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Profession Notes

The University of Alabama at Birmingham (UAB) will run a new national network of genetics researchers who work with microarrays, financed with a $409,000 five-year grant from the National Science Foundation. Seventeen institutions will be involved in this network that coordinates research on the use of microarray technology for gene expression. Paul Allison, professor of biostatistics in the School of Public Health at UAB, and project leader, says the network is designed to bring together resear

Jean Mccann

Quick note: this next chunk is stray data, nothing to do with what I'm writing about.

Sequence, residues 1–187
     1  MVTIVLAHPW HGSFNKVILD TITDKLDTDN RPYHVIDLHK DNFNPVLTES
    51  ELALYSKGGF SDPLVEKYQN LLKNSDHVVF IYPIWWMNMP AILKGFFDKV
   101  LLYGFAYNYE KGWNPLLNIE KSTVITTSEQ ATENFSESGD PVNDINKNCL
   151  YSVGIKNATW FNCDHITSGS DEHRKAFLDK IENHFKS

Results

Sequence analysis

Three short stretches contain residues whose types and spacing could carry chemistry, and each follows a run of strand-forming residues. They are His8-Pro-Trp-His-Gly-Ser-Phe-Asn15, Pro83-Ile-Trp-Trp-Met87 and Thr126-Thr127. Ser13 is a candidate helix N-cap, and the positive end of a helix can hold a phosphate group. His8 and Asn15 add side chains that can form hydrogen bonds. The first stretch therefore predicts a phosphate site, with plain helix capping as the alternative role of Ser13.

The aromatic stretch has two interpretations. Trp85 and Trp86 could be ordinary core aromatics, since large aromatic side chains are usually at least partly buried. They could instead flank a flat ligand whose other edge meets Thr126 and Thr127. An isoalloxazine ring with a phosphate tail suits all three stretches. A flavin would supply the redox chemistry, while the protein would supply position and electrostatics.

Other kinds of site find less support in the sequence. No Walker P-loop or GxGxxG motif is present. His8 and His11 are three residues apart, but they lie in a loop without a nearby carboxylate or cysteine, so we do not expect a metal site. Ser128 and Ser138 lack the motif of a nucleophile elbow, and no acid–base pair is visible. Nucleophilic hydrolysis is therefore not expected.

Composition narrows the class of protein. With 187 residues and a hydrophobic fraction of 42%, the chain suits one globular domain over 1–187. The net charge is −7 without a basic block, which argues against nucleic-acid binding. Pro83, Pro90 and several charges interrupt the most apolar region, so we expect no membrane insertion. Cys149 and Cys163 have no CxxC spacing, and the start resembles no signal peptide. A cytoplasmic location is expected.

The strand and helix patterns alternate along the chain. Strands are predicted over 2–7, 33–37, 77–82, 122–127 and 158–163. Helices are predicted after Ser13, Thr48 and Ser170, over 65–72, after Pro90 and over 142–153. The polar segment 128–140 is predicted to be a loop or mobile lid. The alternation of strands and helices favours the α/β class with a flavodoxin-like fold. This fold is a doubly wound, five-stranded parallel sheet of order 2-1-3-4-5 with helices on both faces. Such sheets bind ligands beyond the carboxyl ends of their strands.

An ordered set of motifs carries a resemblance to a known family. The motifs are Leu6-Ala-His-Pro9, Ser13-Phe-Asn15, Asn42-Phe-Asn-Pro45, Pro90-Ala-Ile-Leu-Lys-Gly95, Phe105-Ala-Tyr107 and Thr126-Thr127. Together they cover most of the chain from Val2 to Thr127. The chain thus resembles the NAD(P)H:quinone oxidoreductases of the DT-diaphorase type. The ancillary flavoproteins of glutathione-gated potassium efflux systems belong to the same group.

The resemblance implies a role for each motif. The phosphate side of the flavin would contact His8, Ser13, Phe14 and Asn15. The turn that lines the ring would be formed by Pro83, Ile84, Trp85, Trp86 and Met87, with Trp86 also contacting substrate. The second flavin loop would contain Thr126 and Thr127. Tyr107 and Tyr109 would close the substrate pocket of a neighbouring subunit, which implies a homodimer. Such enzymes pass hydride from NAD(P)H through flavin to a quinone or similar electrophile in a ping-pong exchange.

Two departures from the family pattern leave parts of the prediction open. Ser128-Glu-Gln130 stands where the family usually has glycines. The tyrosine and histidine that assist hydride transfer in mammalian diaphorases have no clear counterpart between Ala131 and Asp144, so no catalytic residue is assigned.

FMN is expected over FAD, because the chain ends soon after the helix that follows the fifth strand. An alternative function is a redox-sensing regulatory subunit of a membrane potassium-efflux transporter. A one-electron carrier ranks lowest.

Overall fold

The University of Alabama at Birmingham (UAB) will run a new national network of genetics researchers who work with microarrays, financed with a $409,000 five-year grant from the National Science Foundation. Seventeen institutions will be involved in this network that coordinates research on the use of microarray technology for gene expression. Paul Allison, professor of biostatistics in the School of Public Health at UAB, and project leader, says the network is designed to bring together researchers from different institutions and disciplines. "There are many questions remaining about how to use the technology and how to interpret the data," says Allison. For that reason, a wide variety of disciplines will be involved, including computer science, mathematics, statistics, bioinformatics, and measurement theory, as well as microarray technology itself. "Despite the growing number of published studies involving microarray technology, experts are still struggling to address issues relative to the reliability and validity...

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